Chronic traumatic encephalopathy (CTE) is a complex, progressive disease that doctors are still trying to understand. However, the medical community has made progress in learning what causes CTE, how CTE and concussions are connected, and the ways in which a CTE treatment program can help people with brain injuries.
What is CTE? How is CTE Diagnosed?
CTE is a condition associated with traumatic brain injuries or repetitive blows to the head. These injuries include concussions, whether or not the concussions cause symptoms right after they happen.
Over time, CTE damages the brain’s nerve cells and may cause a person to have trouble with speech, balance, and memory. It can also lead to changes in personality and behavior.
Brains with CTE have built up excessive amounts of a protein called tau, the same protein associated with dementia and Alzheimer’s disease. Tau buildups cause other cells in the brain to malfunction.
Right now, doctors can only successfully diagnose CTE after death by studying a person’s brain during an autopsy. But they can also examine a living person with symptoms of CTE and rule out other diseases that might be causing their symptoms.
Who is at Risk for CTE?
The single most common factor in CTE cases is a history of repeated hits to the head. CTE is most often found in these groups of people, who are more likely to be exposed to traumatic head injuries:
- Football players
- Athletes in other high-contact sports like ice hockey and boxing
- Military veterans who have served in combat zones
While these are major risk factors, not everyone who plays contact sports or serves in the military will develop CTE—even if they have repetitive head trauma. Scientists think genetics may play a role in what causes CTE, as well as the age of the person’s first injuries and the severity of their injuries.
Symptoms of CTE to Watch For
CTE symptoms often don’t develop for years or even decades after a period of repetitive brain injuries.
Some of the most frequent symptoms of CTE involve behavioral and mood changes, such as:
- Problems with impulse control
- Aggressive behavior
- Memory loss and confusion
- Poor judgment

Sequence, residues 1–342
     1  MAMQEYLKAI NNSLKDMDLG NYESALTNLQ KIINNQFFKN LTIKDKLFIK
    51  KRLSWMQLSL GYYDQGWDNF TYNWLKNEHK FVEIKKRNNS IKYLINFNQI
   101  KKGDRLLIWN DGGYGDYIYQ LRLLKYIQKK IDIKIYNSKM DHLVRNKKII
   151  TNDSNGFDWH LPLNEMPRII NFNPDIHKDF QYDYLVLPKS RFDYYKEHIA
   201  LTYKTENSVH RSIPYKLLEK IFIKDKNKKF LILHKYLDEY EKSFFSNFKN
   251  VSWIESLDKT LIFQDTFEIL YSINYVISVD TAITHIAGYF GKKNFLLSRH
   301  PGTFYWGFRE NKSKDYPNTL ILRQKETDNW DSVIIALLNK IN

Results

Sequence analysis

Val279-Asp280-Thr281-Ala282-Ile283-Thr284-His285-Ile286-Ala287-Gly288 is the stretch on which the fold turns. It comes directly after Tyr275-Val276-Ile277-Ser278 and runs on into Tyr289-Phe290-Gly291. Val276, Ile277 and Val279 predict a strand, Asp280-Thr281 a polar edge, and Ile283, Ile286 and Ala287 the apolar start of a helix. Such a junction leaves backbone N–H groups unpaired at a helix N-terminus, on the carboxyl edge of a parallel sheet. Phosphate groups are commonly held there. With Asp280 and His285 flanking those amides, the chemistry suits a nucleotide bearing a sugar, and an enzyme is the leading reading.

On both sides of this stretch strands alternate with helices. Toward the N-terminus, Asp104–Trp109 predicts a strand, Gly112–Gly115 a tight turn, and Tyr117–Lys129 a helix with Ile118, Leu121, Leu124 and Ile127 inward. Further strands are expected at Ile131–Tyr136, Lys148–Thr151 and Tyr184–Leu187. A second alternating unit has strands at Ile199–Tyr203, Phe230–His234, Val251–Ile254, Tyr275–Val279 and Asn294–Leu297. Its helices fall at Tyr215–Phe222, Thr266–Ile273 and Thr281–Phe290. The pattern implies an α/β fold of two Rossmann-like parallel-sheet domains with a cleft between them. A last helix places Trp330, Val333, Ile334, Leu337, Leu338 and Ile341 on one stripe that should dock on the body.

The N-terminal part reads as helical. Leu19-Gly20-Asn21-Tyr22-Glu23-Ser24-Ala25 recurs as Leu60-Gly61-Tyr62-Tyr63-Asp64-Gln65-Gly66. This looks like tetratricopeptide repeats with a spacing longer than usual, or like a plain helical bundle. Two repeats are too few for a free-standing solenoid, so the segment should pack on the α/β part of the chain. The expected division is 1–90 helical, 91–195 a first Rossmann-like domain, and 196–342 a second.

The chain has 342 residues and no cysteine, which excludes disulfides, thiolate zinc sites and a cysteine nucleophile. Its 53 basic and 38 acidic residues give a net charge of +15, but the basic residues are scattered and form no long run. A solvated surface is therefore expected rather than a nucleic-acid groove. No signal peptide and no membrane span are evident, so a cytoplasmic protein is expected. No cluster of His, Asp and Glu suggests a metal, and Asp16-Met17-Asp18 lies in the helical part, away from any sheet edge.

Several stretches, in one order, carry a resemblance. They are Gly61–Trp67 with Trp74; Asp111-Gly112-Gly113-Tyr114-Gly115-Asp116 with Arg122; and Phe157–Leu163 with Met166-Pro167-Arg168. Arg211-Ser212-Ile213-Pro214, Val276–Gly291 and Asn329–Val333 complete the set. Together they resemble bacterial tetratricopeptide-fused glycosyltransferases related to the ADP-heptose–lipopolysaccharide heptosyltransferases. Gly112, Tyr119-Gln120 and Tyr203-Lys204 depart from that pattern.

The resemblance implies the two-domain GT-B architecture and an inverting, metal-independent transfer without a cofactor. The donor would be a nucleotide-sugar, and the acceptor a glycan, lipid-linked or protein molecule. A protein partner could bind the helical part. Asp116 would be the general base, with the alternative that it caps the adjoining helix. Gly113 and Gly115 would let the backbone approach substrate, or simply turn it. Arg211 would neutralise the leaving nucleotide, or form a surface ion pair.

- Trouble concentrating
- Depression and anxiety
- Slurred speech
- Difficulty walking and balancing
These signs can range from mild to severe, and not everyone who has CTE will have the same symptoms.
Especially in older people, some CTE symptoms resemble the warning signs of Alzheimer’s disease. Brain imaging techniques have started to identify the difference between CTE and Alzheimer’s as scientists learn more about each condition.
The Connection Between CTE and Concussions
Concussions, or strong blows to the head, are one factor in what causes CTE. Symptoms of concussions range from dizziness, headaches, and fatigue to nausea, vomiting, and sometimes loss of consciousness.
However, one or two concussions by themselves won’t cause CTE. According to CTE research, what causes CTE is a repeated pattern of concussions over the course of many years. Many CTE sufferers have had hundreds or even thousands of blows to the head.
Still, one important aspect of CTE prevention is reducing the likelihood of even mild concussions—and preventing any more injury after a concussion.
Groundbreaking Treatment for CTE at Springfield Wellness Center
As doctors and scientists discover more about CTE, they’re learning how to identify symptoms of CTE in living patients. Springfield Wellness Center is proud to offer BR+NAD treatment for CTE and other neurodegenerative diseases. NAD+ is a coenzyme important to brain health, and valuable in wellness treatment. Our clinic was among the first to use this treatment method.
If you or someone you love is struggling with symptoms that may be CTE, the best thing you can do is get help early. Learn more by contacting us at 844.334.4727 or online.